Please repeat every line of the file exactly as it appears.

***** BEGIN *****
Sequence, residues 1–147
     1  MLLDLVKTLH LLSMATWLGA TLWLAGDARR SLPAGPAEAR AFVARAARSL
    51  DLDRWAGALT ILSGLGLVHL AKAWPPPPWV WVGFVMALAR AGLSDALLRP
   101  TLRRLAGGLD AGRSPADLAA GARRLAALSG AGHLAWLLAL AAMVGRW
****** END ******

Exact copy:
Sequence, residues 1–147
     1  MLLDLVKTLH LLSMATWLGA TLWLAGDARR SLPAGPAEAR AFVARAARSL
    51  DLDRWAGALT ILSGLGLVHL AKAWPPPPWV WVGFVMALAR AGLSDALLRP
   101  TLRRLAGGLD AGRSPADLAA GARRLAALSG AGHLAWLLAL AAMVGRW